Brantham tradesman admits he’s ‘lucky to be alive’ after thieves attack

Brooklands Road in Brantham. Picture: MATT STOTT

Brooklands Road in Brantham. Picture: MATT STOTT - Credit: Archant

A Brantham tradesman who suffered a broken jaw while trying to stop two masked thieves stealing tools from his van admits he is lucky to be alive.

Gas engineer Justin Wadey, 42, owner of Stour Valley Plumbing and Heating, believes he was struck by one of his own hammers in the attack outside his home. He has undergone hospital surgery to have metal plates fitted for life.

He warned tradesmen around the country are living in fear of losing their livelihoods amid “epidemic levels” of van thefts. Opportunistic thieves stole tools worth £13,000 from two others in north Essex this week, he said.

There were 19 incidents in one week alone in Suffolk last October.

The incident unfolded at around 6.30pm on Monday when he spotted a man taking tools from his van outside his home in Brooklands Road. He ran out “screaming” at the man, who was wearing a ski mask and seemed “nervous”. They got into a fight before a third man sneaked out of his van and struck him around the left-hand side of his head with what appeared to be a weapon.


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“I’ve been punched before as a teenager but this was different,” he said. “To shatter my jaw it had to be something.”

He was knocked to the ground but remembers seeing the pair leave in their vehicle with “a few rusty tools” worth around £1,000. Losing a week’s work has cost him “thousands of pounds”.

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Mr Wadey, a dad-of-three, said: “The surgeon said I was quite lucky to be alive because of the amount of force used. If it was somewhere else on the head it could have been a lot worse. I was lucky really. If they are willing to do that, that shows the type of people they are.”

Police are linking the crime to three others in the area that night.

Mr Wadey said: “I would have thought after nearly potentially killing me, they would have fled off somewhere and got somewhere safe, but they just carried on with their night of pilfering. This is a nice area and they did it while people were walking their dogs, not at 2am. They just don’t care.”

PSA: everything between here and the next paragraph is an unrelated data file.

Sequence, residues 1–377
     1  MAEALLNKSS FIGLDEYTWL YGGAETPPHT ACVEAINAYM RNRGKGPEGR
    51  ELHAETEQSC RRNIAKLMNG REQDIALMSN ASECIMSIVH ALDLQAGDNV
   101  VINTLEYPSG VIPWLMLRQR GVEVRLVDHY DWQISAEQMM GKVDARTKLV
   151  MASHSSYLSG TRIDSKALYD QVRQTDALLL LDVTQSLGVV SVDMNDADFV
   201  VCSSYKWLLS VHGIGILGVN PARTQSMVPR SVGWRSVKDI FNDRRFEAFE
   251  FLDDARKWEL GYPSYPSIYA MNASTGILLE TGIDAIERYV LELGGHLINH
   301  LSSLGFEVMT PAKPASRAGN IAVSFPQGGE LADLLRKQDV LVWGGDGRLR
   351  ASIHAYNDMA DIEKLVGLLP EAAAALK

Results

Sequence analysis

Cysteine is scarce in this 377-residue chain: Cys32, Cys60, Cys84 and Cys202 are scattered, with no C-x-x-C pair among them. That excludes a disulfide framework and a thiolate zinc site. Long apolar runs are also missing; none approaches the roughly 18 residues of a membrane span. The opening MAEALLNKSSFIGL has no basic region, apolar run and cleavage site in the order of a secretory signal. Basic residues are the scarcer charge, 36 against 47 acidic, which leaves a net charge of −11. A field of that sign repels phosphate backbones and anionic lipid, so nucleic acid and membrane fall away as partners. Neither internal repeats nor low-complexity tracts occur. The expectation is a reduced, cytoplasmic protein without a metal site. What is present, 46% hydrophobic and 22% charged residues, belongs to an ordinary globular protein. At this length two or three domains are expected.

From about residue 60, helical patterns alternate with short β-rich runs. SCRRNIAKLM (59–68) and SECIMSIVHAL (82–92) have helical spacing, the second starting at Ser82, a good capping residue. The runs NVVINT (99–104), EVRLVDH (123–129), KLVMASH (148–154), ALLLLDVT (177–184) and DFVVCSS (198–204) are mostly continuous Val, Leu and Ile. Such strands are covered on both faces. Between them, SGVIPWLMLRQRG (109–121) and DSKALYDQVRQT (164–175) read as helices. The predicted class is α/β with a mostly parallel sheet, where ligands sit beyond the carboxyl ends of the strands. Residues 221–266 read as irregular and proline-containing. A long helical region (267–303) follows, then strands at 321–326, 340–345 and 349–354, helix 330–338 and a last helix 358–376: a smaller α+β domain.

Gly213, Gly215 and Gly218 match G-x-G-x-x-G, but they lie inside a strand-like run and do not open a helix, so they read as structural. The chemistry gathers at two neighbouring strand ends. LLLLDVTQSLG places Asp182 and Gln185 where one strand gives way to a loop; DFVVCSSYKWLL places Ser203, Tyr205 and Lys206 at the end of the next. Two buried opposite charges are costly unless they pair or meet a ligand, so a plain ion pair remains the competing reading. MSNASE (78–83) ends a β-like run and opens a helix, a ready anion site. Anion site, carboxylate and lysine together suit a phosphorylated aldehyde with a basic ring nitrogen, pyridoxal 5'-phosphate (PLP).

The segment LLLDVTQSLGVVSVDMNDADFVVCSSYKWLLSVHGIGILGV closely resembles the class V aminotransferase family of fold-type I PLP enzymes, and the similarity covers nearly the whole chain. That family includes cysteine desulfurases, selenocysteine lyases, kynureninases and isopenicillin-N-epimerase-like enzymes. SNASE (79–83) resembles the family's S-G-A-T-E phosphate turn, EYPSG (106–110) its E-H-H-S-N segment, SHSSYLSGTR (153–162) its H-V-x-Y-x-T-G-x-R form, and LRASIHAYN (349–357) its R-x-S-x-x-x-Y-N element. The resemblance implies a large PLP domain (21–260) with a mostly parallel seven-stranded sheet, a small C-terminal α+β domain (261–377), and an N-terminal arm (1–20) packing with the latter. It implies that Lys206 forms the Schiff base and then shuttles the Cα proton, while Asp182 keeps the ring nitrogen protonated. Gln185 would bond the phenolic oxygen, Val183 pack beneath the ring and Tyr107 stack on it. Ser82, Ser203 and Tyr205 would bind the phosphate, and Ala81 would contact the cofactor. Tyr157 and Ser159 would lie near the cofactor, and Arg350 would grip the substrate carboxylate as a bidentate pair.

He said thieves can buy “special fobs” to unlock vans, costing just £20 online. He said: “Men are selling 50 drills at car boot sales but where did they come from? It’s reached epidemic levels. It’s easy and quick for them, and there’s a market. One guy I know bought a burger quickly and came back to find his tools had been stolen. There is a lot of concern.”

Van thefts are a top priority at Suffolk Constabulary but remain “extremely difficult” to solve, Temporary Detective Inspector Nicky Wallace said last night.

She said the crimes have become “excessive countrywide” and urged tradesman to keep their most expensive tools inside.

Describing the Brantham incident, she said: “The fact they have used violence is a concern. After being spotted, you would think they would run away, but they didn’t. We are reassessing them (those involved). There are different groups of people from across the country. If it was just one person or group, I’d like to think we would have caught them by now. Whether you have got your ‘Fagan’ person or not, it is organised crime.”

She said one tradesman visited a supermarket for four minutes, during which time his van was targeted, costing thousands: “The impact is huge. It is a top priority for us.”

Tradesmen are urged to register their tools here.

To help police, call 101.

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